White House says no more photo re-enactments

Associated Press | Poynter.org

"We have concluded that this arrangement is a bad idea," says a White House spokesman, who added that the administration is open to working out some new arrangement with photographers. David Bauer writes:

The practice of re-enactments has a long history. Washington veterans say President Harry Truman would deliver speeches over radio and then repeat them for newsreel cameras. Doug Mills, a photographer for The New York Times who was on duty May 1, said he has seen every president from Ronald Reagan to Obama take time after a speech so still photographers could get their shots.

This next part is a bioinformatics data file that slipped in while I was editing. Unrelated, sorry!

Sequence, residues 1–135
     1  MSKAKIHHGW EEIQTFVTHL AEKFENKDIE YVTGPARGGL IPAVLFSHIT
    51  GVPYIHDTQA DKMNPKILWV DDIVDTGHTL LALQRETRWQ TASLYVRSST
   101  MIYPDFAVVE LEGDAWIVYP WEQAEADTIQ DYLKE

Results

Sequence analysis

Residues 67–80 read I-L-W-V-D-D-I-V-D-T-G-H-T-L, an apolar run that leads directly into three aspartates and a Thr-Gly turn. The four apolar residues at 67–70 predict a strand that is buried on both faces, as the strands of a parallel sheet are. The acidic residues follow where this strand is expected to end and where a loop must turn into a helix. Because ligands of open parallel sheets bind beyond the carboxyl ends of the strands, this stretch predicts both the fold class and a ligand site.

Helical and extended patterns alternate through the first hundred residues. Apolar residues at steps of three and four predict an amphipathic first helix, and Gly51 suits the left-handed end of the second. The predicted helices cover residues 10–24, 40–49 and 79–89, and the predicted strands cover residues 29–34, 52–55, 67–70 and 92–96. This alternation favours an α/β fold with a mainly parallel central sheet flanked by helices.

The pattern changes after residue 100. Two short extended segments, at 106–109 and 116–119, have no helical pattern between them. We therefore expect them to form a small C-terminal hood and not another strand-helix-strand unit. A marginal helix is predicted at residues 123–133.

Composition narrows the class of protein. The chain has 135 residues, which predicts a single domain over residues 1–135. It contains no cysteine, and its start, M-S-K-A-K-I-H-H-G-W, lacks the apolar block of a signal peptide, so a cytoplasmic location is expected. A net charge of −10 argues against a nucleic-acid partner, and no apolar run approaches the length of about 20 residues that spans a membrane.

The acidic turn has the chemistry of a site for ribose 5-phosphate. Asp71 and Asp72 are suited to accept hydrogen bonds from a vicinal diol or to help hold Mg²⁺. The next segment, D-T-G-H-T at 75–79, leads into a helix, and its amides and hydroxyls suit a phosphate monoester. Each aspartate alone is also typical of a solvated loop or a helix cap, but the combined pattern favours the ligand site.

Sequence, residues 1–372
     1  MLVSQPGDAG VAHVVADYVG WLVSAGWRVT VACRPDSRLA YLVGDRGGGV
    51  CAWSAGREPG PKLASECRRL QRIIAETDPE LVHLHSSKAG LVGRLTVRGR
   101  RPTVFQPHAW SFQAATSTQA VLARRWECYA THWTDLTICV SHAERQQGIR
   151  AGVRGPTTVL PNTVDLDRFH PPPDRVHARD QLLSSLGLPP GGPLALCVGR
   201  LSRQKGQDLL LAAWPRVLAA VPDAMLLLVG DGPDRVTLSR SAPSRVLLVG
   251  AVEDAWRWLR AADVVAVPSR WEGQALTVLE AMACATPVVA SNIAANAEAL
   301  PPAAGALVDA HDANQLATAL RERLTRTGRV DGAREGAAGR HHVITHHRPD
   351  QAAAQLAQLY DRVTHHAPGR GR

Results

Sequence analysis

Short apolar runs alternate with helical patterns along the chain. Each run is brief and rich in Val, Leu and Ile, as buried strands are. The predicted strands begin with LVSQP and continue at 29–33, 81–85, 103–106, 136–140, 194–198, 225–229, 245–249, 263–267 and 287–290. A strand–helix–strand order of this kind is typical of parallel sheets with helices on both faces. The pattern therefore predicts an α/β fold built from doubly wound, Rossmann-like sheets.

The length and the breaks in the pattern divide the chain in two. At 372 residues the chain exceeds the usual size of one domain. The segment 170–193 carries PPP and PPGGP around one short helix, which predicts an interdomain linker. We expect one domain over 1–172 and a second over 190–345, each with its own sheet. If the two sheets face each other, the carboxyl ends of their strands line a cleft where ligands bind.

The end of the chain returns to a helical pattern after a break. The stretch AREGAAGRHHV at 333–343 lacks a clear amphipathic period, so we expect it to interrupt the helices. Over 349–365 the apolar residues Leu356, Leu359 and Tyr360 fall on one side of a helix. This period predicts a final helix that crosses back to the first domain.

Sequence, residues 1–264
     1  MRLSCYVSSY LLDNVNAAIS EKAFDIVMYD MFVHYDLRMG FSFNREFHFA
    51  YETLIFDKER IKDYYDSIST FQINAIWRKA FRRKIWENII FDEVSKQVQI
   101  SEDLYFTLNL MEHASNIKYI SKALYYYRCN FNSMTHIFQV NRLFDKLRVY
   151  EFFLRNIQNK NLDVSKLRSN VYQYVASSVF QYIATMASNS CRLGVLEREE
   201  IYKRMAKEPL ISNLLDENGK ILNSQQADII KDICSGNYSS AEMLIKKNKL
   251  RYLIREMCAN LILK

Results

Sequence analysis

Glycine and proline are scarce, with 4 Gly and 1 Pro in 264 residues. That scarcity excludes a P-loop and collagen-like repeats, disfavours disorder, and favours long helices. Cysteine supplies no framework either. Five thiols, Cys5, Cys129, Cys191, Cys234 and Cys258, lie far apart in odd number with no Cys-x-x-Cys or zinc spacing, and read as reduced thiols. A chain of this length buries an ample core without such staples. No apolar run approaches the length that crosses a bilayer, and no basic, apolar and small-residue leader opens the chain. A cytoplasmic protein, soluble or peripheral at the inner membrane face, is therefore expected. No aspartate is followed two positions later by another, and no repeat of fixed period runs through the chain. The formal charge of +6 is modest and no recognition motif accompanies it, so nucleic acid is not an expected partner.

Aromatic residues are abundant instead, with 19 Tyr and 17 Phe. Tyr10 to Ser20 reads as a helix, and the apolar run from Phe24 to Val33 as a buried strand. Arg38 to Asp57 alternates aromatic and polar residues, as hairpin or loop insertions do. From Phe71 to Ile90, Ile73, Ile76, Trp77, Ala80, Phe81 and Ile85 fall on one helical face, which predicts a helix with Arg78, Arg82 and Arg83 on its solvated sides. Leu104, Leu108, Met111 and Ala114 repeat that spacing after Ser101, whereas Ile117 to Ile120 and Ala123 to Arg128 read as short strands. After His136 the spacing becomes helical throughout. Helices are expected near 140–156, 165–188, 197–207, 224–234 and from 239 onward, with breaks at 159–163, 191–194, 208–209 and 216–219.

White House photographers described last week how President Obama, after finishing his speech about Osama bin Laden's death, pretended to speak for the still cameras. Poynter's Al Tompkins noted that this practice "flies directly in the face of the National Press Photographers Association Code of Ethics."

  • Jim Romenesko

    From 1999 to 2011, Jim Romenesko maintained the Romenesko page for the Poynter Institute, a Florida-based non-profit school for journalists. Poynter hired him in August of 1999, after seeing his MediaGossip.com, a hobby site he started in May of 1999.


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